Some Trinis drive as though they have a policy for suicide insurance. They kill themselves in record numbers, but I still rate them above our mad drivers. They have roads and highways on which to fly. At home our speeding simply validates the concept of good luck. But as old people say ‘moon run til day ketch um.’


    Daily life here also brings to mind another calypso classic, Sparrow’s ‘Capitalism gone mad’. A pound of bananas cost $4, king fish is $22 and chicken back cost $5.50. We refuse to mention the cost of schoolbooks, clothing and other essentials. A good used car makes a $50,000 dent in your pocket. A 14-seater mini bus will run you $300,000 while a 24 seater goes for $600,000. As Sparrow says ‘Some say it’s nice here in Trinidad, Oh God capitalism gone mad’.


    Ah can’t wait to come home.

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    Vincy, it always takes another person from the outside to tell them they have a problem or something is really wrong but yet they still dont listen.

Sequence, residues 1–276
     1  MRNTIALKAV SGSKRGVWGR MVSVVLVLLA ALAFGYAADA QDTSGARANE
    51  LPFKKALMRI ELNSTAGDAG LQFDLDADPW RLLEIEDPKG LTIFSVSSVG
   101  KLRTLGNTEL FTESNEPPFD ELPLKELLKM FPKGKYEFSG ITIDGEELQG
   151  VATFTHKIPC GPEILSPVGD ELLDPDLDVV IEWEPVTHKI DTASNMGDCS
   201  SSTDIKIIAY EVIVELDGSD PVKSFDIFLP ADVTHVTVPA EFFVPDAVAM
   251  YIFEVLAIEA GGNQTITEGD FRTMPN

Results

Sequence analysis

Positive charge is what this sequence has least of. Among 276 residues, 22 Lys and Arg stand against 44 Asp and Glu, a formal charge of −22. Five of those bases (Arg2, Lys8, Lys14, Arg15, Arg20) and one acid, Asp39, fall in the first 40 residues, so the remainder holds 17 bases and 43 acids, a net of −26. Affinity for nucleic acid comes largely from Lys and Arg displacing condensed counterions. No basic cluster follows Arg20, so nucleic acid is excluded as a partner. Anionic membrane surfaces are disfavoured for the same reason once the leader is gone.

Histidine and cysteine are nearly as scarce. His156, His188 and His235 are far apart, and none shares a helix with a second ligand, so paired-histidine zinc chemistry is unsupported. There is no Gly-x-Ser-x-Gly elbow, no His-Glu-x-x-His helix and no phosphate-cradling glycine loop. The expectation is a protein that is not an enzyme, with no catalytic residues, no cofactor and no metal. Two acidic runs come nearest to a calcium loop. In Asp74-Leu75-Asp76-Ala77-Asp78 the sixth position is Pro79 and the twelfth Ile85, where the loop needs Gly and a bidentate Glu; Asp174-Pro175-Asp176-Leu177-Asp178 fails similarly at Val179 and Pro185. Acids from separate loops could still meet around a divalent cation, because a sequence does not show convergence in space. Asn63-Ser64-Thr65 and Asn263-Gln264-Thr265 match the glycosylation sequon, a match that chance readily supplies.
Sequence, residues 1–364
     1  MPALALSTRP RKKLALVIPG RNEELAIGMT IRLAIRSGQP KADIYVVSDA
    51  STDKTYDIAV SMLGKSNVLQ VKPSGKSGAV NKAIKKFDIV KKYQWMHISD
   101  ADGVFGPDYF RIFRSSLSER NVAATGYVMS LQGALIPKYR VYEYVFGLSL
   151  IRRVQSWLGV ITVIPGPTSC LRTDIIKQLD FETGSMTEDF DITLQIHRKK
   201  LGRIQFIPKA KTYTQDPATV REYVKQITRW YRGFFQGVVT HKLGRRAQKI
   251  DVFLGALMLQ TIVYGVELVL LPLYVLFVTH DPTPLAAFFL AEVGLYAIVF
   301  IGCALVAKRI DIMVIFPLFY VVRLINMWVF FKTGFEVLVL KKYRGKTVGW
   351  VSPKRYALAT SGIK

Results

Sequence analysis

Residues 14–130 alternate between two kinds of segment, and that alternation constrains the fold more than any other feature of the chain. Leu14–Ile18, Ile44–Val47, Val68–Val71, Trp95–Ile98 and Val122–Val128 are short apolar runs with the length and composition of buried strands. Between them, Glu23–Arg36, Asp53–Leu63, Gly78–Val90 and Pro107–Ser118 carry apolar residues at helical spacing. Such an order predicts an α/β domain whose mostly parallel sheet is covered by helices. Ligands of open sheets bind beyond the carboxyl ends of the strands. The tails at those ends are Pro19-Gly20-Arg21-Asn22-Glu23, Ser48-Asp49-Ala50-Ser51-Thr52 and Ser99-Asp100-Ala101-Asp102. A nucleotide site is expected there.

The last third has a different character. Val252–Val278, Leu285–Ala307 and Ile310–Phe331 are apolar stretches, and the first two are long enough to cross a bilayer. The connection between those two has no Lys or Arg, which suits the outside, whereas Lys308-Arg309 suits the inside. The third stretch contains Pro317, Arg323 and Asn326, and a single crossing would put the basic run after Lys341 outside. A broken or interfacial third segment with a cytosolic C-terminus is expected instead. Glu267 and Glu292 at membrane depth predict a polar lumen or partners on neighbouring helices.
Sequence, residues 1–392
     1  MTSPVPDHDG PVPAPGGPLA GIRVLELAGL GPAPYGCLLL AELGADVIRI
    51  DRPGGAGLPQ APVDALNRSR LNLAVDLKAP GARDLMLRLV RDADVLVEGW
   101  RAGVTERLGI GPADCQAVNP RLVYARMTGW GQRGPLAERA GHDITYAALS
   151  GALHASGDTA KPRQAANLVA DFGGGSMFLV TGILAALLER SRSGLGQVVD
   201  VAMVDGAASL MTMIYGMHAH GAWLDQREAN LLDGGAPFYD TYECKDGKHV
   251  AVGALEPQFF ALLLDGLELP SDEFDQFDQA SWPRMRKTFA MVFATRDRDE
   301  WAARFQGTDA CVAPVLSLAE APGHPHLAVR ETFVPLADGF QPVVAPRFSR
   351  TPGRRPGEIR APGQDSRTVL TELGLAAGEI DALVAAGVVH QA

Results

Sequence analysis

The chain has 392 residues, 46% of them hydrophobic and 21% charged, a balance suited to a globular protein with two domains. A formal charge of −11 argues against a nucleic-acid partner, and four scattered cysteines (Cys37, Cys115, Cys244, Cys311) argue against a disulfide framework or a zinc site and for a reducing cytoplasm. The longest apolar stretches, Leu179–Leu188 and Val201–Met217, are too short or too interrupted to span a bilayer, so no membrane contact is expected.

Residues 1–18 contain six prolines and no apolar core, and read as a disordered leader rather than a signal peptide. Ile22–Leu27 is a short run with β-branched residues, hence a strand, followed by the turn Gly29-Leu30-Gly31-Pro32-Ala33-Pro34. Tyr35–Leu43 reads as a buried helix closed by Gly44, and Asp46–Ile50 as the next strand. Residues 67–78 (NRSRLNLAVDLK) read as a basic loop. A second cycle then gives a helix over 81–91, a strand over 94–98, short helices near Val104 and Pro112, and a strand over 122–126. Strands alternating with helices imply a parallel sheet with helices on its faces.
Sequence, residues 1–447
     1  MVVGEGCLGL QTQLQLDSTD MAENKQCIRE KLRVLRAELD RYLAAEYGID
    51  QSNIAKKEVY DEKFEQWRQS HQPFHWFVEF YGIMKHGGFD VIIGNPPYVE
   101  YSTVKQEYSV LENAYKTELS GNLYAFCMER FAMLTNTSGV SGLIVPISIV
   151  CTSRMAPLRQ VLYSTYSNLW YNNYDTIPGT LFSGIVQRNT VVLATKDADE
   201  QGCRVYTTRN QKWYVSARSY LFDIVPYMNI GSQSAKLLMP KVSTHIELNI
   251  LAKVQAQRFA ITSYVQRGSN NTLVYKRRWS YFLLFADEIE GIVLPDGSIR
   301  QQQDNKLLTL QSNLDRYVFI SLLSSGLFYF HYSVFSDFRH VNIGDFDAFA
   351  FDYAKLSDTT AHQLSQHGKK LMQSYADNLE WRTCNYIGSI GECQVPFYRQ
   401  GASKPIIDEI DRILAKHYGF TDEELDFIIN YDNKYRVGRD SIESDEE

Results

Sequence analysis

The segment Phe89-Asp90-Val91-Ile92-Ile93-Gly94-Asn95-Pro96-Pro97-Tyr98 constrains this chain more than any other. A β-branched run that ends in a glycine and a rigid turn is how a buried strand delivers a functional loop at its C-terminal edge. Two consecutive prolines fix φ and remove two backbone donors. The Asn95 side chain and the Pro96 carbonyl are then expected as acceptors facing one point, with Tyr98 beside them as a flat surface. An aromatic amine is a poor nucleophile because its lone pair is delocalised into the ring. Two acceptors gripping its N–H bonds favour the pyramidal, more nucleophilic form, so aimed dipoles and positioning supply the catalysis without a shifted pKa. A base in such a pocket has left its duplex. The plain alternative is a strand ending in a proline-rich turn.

Chueeps.

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    Paradise! Professor Abughani's Avatar Professor Abughani is offline
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    Quote Originally Posted by VINCYPOWA View Post
    At home in Trinidad
    Jomo Thomas
    2006/12/08


    I think about home every day, even though Trinidad has been home for the last few months. It is amazing how we take things for granted. At home, my daily exercise ends with a 30 minute swim in the sea. Since I have been here, I have not seen the sea. At home I have the luxury of looking north at the mountains, west at traffic snaking to and from Leeward or west at the majestic ocean.